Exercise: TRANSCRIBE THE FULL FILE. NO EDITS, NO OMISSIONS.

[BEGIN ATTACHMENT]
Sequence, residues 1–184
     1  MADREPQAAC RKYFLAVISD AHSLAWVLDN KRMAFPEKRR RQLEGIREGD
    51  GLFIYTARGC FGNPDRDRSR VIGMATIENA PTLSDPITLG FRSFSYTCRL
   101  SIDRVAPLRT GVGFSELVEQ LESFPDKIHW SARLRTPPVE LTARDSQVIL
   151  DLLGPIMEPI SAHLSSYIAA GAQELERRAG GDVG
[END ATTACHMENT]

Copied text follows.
Sequence, residues 1–184
     1  MADREPQAAC RKYFLAVISD AHSLAWVLDN KRMAFPEKRR RQLEGIREGD
    51  GLFIYTARGC FGNPDRDRSR VIGMATIENA PTLSDPITLG FRSFSYTCRL
   101  SIDRVAPLRT GVGFSELVEQ LESFPDKIHW SARLRTPPVE LTARDSQVIL
   151  DLLGPIMEPI SAHLSSYIAA GAQELERRAG GDVG